Many Israelis approach the next elections with reluctance (if not outright despondency). They have lost faith in the power of the ballot box to make change and they are fraught with doubt about their capacity to make any difference whatsoever. Many also bemoan the striking sameness of it all: they have still to push for real options and to make sufficient efforts to insist on meaningful choices. They may, once again, retreat into indifference or, as some seem to be demanding already, seek more decisive alternatives. What is clear is that any choice — including opting out — has vast personal ramifications.

Rarely are so many formal options with such widespread consequences on both the societal and individual levels presented during the course of a single calendar year. This is what faces Israelis in the months ahead. Such opportunities invite personal agency: an opportunity to partake not only in the selection of representatives, but also, through them, in molding a preferred vision of society and the values on which it rests.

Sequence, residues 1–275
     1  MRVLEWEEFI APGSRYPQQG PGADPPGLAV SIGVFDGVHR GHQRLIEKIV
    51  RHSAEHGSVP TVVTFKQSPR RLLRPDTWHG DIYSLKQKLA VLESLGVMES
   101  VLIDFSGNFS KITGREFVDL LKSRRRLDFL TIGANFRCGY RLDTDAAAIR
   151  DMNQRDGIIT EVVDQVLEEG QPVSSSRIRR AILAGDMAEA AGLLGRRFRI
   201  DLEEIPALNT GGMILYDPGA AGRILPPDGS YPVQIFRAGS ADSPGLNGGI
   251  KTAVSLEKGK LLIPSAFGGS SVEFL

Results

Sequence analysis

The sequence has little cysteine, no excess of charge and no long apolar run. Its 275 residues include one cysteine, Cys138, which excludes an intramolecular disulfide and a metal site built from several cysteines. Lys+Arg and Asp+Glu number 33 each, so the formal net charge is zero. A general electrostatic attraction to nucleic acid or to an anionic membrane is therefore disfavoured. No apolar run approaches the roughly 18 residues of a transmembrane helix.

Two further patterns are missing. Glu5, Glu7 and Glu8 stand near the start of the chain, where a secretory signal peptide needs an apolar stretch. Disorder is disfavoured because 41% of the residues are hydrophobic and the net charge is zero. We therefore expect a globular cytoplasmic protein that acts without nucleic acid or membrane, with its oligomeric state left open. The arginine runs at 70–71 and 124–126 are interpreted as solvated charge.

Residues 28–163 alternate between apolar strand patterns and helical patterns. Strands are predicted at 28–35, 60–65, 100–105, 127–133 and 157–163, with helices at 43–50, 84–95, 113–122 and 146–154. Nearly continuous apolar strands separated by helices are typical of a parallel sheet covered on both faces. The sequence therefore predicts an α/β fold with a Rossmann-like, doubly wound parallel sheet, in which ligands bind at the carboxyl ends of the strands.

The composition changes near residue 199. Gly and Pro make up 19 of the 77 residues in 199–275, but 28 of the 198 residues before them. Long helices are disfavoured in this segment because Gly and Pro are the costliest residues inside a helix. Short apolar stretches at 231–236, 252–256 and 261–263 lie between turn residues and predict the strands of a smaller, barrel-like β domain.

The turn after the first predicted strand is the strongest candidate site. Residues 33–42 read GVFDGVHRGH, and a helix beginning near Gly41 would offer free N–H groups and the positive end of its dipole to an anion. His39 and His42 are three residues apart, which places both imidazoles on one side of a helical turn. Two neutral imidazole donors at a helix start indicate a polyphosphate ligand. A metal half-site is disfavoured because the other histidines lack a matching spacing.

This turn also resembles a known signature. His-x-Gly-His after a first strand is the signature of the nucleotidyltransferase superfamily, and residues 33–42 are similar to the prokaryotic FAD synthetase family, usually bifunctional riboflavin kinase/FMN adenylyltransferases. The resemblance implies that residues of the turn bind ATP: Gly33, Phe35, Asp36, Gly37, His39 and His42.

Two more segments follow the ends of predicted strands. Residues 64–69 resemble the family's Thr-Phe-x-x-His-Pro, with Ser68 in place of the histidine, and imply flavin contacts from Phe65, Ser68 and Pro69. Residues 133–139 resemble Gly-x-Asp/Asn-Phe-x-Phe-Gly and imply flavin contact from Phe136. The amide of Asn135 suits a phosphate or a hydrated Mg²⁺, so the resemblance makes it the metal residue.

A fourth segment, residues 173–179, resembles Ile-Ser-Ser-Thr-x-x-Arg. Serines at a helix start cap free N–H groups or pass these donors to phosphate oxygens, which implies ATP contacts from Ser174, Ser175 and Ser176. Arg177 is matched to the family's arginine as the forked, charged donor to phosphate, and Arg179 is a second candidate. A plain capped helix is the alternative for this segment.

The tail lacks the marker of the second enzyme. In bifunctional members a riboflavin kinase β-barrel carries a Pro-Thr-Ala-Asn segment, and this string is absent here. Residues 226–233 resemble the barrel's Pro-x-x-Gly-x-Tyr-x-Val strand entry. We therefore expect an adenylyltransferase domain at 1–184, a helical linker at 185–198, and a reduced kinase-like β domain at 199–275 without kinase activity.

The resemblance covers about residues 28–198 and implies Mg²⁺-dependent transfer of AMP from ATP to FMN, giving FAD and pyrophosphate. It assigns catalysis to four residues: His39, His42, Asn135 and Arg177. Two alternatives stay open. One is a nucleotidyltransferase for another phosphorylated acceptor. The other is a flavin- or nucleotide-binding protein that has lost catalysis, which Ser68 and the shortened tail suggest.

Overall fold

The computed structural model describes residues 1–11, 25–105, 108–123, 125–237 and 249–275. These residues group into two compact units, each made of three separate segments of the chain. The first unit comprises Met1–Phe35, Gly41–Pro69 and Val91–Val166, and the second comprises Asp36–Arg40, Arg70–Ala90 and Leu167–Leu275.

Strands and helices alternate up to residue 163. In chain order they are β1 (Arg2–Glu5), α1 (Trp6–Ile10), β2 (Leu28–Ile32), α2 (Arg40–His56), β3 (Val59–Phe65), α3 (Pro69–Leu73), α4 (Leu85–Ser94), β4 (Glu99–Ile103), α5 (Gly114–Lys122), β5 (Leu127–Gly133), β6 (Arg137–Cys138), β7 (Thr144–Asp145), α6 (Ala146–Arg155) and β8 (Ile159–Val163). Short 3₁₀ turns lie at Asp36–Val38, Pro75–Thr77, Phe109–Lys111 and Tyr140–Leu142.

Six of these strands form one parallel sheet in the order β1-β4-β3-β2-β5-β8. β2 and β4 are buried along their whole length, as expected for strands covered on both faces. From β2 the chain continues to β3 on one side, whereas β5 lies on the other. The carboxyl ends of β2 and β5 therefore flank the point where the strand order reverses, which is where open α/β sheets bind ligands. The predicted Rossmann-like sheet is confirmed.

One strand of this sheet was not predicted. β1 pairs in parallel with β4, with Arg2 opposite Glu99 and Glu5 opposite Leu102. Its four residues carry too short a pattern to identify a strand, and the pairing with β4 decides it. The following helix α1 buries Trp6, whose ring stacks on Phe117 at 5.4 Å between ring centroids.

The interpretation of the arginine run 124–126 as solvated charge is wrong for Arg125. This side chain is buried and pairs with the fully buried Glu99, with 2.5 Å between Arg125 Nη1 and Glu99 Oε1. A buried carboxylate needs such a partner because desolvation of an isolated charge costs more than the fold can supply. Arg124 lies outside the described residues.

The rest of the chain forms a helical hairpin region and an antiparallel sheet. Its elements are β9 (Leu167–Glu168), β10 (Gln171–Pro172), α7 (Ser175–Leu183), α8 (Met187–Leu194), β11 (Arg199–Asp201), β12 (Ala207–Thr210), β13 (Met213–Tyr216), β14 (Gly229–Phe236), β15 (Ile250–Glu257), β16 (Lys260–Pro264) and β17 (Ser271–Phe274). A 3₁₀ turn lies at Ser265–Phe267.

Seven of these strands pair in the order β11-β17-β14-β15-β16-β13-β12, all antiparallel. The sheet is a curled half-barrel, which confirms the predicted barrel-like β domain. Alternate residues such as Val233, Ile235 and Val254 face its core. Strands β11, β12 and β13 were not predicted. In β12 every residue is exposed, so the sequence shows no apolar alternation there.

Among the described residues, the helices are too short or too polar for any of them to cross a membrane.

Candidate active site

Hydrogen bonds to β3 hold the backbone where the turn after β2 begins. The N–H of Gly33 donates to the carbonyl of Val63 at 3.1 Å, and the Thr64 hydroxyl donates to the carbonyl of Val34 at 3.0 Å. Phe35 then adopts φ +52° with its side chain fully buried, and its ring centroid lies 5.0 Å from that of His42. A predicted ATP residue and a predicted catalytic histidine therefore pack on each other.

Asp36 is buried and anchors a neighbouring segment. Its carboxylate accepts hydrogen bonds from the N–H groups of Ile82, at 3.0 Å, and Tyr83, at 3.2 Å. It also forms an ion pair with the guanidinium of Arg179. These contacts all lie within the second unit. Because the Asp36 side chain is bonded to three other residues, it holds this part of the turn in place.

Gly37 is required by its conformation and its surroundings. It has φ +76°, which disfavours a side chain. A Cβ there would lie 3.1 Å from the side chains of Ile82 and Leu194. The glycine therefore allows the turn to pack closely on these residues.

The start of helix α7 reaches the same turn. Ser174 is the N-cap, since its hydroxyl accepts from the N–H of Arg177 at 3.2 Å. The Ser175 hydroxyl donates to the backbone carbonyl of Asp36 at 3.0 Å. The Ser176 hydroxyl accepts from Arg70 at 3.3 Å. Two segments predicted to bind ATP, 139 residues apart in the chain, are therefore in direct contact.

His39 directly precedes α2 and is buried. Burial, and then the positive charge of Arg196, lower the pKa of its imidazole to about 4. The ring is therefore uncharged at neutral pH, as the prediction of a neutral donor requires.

Israelis therefore, by their actions and inactions, will have more of a say on their destiny in this new year than they are willing to acknowledge. Whether and how they take advantage of these opportunities and the responsibilities they entail will have a direct bearing on how they define themselves and how they are seen by others. They may give a hand to deepening already troublesome patterns or they may actually begin to establish salubrious new trends. In either case, they will have to deal with the knowledge that their personal actions will leave their mark on their collective future: on its safety, its image, its actions, its morality and its ultimate viability. This is, then, the year that personal choices mesh with and nurture the overall course of the Israeli state and its complex society.

Shana Tova and choose well.

About the Author
Naomi Chazan is professor (emerita) of political science at the Hebrew University of Jerusalem. A former Member of the Knesset and Deputy Speaker of the Knesset, she currently serves as a senior research fellow at the Truman Research Institute at the Hebrew University and the Van Leer Jerusalem Institute.